This is the style of the gowns for the older girls.

Little Hannah received a gown too, but one suited more appropriately for her size.

The boys received these manly knightlike vests.

As evidenced in this photo, everyone was tickled with their present. The older girls loved the fluttery sleeves and couldn't resist waving them like wings. The boys were quick to add their vests to their collection of other knightly trappings. One notable conversation between Grace (7) and Elisabeth (5) went like this:
E: "I want to wear this dress when I get married."
G: "By the time you get married, you'll be too big for this dress."
E: "Well, I hope Lily makes us Christmas presents every year so I can wear that to my wedding."

Monday, December 15, 2008

Baked Oatmeal

Here's a breakfast food that is especially good on cold winter mornings, although that doesn't prevent us from enjoying it in the summer as well. We were first introduced to baked oatmeal at the Gomez home in Athens, Wisconsin in late November a few years back when the weather was snowy and cold. It was delightful straight from the oven then with plenty of warm milk to pour over the top. I still prefer it with warm milk, but Gretel likes her's without any embellishments. Try it yourself, and you tell us your favorite way to eat it!

3 cups quick oats
1/3 cup brown sugar
2 tsp baking powder
1 tsp cinnamon
1/2 tsp salt
1 cup milk
1/4 cup butter (or oil)
2 eggs beaten
additional milk

Combine first eight ingredients. Spoon into greased 9" pan.

Bake at 350°F, 25-30 minutes.

Serve warm with milk.

(Courtesy of Cindy Gomez)

Finally, let me apologize for the very brown picture, my eye wasn't looking for that when I framed the photo.

Wednesday, December 10, 2008

Gingerbread construction update

While I've been dinking around with a simple garage for months, the girls decided to show me how they can construct complete houses in a matter of days. Gingerbread seems to be their preferred building material, although I'm sure you'll recognize other goodies in the pictures below.

This is where the projects began: carefully measured, cut, and baked pieces of gingerbread.

Careful construction involved lots of frosting and strategically located sewing pins. This is Gretel's Carpenter Gothic House that had us all wondering if Gretel had done something foolish by choosing such a difficult design.

Here's Lily's Adirondack Cabin in the assembly phase using food cans as supports while the walls dried in place. No, there was no Crushed Pineapple involved in the construction, only the can.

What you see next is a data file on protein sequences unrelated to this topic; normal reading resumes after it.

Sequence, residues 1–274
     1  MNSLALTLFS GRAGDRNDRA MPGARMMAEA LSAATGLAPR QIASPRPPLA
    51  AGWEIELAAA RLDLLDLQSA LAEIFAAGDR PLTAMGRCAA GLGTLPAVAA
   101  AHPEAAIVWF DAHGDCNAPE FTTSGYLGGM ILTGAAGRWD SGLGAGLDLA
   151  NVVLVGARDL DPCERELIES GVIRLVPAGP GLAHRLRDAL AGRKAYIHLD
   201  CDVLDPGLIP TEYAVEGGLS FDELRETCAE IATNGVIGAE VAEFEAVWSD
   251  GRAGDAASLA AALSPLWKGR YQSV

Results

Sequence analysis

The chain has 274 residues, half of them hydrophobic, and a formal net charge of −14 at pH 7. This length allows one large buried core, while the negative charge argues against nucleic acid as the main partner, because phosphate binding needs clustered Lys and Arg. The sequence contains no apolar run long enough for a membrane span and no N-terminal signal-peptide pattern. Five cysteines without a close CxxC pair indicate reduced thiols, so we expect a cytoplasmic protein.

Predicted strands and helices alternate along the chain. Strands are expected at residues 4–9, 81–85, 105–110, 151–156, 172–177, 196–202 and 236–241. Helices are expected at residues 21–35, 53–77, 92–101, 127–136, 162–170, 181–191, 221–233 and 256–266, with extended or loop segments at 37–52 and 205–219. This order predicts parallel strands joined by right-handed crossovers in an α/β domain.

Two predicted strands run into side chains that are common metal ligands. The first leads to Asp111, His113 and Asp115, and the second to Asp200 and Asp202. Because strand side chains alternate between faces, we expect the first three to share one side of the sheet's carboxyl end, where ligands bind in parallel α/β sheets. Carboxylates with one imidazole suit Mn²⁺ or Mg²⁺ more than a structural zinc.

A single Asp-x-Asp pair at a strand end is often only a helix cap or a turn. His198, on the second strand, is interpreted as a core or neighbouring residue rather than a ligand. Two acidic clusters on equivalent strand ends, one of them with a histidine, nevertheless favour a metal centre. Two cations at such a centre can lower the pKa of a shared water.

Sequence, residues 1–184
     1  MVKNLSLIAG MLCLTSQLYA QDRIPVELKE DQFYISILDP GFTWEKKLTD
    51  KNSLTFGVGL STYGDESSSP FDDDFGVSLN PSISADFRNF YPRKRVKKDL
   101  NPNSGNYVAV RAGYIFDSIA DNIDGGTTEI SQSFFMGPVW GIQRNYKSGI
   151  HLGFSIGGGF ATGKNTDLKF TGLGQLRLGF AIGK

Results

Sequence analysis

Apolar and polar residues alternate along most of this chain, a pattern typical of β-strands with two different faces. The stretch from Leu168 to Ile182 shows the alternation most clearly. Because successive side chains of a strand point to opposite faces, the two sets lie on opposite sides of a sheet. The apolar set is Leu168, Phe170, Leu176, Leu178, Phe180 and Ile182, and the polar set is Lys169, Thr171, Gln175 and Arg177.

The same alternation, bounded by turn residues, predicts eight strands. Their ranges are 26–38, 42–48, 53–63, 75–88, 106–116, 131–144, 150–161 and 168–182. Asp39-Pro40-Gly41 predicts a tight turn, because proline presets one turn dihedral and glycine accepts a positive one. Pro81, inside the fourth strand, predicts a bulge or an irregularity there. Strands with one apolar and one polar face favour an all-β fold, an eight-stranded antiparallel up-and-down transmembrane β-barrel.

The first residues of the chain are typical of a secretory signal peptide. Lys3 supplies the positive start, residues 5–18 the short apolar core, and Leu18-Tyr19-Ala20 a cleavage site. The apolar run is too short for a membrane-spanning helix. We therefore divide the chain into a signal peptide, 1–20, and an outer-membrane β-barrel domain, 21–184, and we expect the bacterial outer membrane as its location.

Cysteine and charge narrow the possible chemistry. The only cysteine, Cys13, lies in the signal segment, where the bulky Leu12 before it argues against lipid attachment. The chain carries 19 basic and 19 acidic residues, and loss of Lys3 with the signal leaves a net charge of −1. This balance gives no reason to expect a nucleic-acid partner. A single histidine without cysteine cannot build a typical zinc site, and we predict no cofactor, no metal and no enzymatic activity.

A closeup view of a window in Lily's cabin. It's constructed of transparent butterscotch candy with colored frosting defining the window panes.

The finished product includes a porch, and a river rock chimney.

Here's a better shot of the roof shingles (which were a little bit frustrating in their own way).

A view of the rear of the building.

This is how the building would look if you were 3 inches tall.

Closeup of the chimney.

Gretel's Carpenter Gothic finished a day later and includes landscaping of sorts.

This is how one might view Gretel's house if one were 3 inches tall.

Getting all the roof pieces to come together was challenging, but the girls pulled it off without dad's help.

One view of the rear of the house.

Another view of the rear. Plenty of new materials were used in this year's construction; how many food items can you identify? Hint: Gretel's house used 5 different materials, while Lily's used 6.

Tuesday, December 9, 2008

Construction update #26

As the weather gets colder and the daylight gets shorter, it's nice to have projects to do inside a building instead of outside, even if the building does not yet have heat.

As you can see, the insulating and wiring have begun in earnest even though I can't seem to spend as much time as I'd like getting those jobs done.

The big news is having all the doors hung and operational. Working in the garage on cold, windy evenings is much more bearable with protection from most of the wind.

The garage looks a little colder with the snow around it this week. You can kinda tell from this angle that a new drift forms around the building on the north and west sides. It hasn't been a big issue yet, but that's something I'll want to deal with when the garage is transformed from a construction zone to a storage spot for vehicles and tools. I wonder if Menards sells snow fence?